Write without a bias. It seems so simple. It’s the number one rule of journalism. I never thought it would be difficult. But it is. I wish I could tell you that my time on the Pathfinder has made it easier for me to respect both sides of the story and write things I personally don’t agree with. It hasn’t, though. It’s still really hard. It’s incredibly hard to sit across from one of my peers and hear him tell me that if women are assaulted, it sucks but we should keep the baby anyway.

Despite those experiences, high school journalism is incredibly rewarding. I can confidently say I’ve made an impact, and that’s all thanks to your involvement. I remember posting an article about the Board of Education’s wishy-washy decision making back in October of 2020, and the comments rolled in. Every single interaction, whether for or against the opinion we wrote, was because our article had made people feel something. So, read the Pathfinder. Stay informed. Interact respectfully in the comments. Let us know if there’s anything we can improve. This is your school’s newspaper, so be involved.

I’m a bit shocked at everywhere I’ve been around this school and the people I’ve gotten to know just by getting involved. This place is where I grew up and put myself out there. It makes me sad to leave but grateful to have grown. I’ve learned that it’s okay to have a bias. It’s okay to feel. Just make sure you’re acknowledging your biases exist. 

Tanvi Kulkarni, Features Editor

 It’s hard to believe that my time at West is almost up. I came into my freshman year unaware of where my future was headed, and graduation seemed too distant to truly worry about it. Now that it’s finally here, I can safely say that these past four years have been a roller coaster ride. Amid the various ups and downs, I’ve lived through a pandemic, gotten to know teachers and friends, written a boatload of papers and learned more math than I’ll probably ever need in my life.

It seems crazy that I can still remember the first day of high school like it was months ago instead of years. I wish I had slowed down a little bit and enjoyed the journey, but I hope I can always look back at this period of my life and be proud of how much I’ve grown and learned. I am grateful to this school and its teachers for helping me on my way, and I wish the best of luck to future classes.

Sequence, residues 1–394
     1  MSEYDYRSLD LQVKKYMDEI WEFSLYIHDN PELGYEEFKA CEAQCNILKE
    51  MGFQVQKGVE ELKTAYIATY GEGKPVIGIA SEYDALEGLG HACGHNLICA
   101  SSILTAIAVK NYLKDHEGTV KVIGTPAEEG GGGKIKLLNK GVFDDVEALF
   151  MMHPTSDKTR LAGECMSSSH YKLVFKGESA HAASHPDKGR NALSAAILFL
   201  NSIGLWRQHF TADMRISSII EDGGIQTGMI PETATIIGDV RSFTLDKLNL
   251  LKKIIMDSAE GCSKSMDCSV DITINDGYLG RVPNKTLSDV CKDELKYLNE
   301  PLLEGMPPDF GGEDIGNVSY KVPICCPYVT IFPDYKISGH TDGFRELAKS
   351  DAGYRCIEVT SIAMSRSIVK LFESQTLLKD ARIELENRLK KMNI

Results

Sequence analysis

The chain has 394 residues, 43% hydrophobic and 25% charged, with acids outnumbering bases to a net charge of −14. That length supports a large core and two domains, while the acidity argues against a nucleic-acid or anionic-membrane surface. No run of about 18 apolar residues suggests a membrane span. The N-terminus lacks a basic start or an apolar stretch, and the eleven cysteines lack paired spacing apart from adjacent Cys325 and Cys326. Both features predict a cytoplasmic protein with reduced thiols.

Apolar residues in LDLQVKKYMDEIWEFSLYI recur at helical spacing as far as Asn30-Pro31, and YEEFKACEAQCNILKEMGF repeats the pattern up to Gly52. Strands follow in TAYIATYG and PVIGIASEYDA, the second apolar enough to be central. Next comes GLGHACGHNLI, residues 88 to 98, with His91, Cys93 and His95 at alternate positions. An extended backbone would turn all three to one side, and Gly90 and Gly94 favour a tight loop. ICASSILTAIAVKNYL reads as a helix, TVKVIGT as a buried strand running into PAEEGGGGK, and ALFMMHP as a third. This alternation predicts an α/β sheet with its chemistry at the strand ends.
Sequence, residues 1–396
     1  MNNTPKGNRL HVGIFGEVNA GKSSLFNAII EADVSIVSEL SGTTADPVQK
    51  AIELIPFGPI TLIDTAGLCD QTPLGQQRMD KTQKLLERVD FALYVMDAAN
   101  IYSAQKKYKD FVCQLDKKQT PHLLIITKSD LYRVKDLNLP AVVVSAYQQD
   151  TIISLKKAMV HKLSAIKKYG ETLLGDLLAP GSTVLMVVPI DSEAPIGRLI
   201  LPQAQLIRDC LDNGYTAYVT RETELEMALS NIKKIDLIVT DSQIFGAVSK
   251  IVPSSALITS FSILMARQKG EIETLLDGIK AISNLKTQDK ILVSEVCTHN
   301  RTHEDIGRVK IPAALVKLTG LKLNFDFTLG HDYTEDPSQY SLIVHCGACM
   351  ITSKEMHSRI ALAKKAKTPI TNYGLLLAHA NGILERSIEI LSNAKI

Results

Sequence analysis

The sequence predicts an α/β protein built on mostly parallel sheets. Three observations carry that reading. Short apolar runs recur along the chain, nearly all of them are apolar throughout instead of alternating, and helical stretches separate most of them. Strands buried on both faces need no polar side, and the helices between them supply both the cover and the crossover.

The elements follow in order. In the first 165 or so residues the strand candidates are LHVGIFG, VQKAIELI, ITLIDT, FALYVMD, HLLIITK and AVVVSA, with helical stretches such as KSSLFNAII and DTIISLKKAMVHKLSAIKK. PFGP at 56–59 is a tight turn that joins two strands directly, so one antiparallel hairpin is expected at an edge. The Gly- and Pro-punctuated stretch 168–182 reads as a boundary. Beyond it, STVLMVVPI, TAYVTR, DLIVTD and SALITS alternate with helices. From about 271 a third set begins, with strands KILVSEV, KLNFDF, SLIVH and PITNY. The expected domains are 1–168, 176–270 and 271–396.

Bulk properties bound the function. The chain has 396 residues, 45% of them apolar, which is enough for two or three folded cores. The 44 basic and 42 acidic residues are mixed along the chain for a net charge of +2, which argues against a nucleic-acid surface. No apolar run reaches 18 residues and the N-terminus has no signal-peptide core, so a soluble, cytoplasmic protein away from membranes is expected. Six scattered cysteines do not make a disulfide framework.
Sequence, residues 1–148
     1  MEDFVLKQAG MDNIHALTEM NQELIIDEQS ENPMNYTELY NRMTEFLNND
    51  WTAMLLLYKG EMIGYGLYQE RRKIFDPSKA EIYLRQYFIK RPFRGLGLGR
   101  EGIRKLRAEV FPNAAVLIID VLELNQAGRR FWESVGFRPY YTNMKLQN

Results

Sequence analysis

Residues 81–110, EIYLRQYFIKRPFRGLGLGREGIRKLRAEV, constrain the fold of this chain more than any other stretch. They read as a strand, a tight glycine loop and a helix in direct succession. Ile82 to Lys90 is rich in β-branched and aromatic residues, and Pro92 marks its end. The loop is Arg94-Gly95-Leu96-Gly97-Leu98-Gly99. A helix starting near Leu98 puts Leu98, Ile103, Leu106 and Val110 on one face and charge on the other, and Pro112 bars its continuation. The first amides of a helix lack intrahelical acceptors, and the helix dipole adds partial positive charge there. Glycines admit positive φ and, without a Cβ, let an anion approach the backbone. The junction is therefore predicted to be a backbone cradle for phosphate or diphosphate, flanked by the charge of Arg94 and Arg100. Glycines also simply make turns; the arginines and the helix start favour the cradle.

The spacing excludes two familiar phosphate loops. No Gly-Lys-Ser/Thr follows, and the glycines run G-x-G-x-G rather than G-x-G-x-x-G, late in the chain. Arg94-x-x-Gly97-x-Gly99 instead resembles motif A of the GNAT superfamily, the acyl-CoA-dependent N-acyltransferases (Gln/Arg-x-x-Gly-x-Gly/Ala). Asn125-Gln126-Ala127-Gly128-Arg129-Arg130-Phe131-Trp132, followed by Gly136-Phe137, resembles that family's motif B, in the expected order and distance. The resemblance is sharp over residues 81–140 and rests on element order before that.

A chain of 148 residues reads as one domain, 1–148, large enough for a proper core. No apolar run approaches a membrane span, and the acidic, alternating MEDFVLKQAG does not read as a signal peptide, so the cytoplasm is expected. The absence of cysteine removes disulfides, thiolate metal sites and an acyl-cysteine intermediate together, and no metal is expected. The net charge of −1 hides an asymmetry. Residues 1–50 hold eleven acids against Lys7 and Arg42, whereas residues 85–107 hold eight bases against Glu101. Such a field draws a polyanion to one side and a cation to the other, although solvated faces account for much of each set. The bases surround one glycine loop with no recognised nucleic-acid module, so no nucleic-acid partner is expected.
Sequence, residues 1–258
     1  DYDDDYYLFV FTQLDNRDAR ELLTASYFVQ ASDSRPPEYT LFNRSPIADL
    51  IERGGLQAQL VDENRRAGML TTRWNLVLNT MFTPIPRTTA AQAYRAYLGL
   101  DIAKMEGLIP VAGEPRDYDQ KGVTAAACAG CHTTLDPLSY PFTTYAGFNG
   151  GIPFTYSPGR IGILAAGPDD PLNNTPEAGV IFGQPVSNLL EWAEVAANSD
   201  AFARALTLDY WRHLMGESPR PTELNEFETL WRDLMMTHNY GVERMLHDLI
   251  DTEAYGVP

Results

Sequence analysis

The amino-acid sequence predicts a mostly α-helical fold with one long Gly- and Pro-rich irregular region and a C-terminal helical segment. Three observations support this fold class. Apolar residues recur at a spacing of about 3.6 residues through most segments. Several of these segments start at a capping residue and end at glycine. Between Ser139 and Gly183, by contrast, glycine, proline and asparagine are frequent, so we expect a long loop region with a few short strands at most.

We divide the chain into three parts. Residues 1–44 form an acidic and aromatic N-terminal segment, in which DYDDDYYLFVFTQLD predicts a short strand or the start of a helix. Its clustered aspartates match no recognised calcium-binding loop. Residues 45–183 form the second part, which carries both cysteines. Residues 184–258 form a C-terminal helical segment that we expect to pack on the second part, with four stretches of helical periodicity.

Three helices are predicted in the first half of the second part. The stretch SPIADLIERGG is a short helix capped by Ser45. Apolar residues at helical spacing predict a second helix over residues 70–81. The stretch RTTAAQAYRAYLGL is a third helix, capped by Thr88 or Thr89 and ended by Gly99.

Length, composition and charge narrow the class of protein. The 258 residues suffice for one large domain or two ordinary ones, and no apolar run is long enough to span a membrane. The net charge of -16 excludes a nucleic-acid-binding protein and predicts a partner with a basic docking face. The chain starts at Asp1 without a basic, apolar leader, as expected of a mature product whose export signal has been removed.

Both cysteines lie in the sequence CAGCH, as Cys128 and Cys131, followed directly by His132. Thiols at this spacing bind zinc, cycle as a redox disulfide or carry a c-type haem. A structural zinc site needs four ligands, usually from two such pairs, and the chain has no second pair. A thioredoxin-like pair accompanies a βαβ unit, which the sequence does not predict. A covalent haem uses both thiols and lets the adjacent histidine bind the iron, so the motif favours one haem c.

Sarah Boland, Staff Writer

When I first started high school I had no clue what I wanted to do with my time. I joined Feminist Club because my brother said I should and I joined Field Hockey because I had friends on the team. Though I was reluctant to go at first, eventually I became the one dragging my brother to school every Tuesday morning so I could go to Feminist Club, instead of the other way around. Despite my initial hesitations, I stayed with these clubs throughout high school and I feel like they really gave me the opportunity to grow.

I joined Journalism my junior year even though I had been considering it since I was a freshman. It took a lot of pressure from my friends to convince me to join, but it is not something I regret doing. I’ve always been afraid of expressing myself but I think that Journalism offers the perfect outlet to do so. Journalism gave me the opportunity to become a better writer, express my opinions and write about stories that I found interesting. I was intimidated by the prospect of high school but with the classes I took and the clubs, I joined I was able to find my place within it. 

Even with less than a week left of school, I still can not believe that my time at high school is coming to an end. The people I met and the experiences I had are something that I think will always stick with me regardless of what I end up doing for the rest of my life. I want to thank everyone who made my high school experience the way it was and I hope everyone the best in their future endeavors.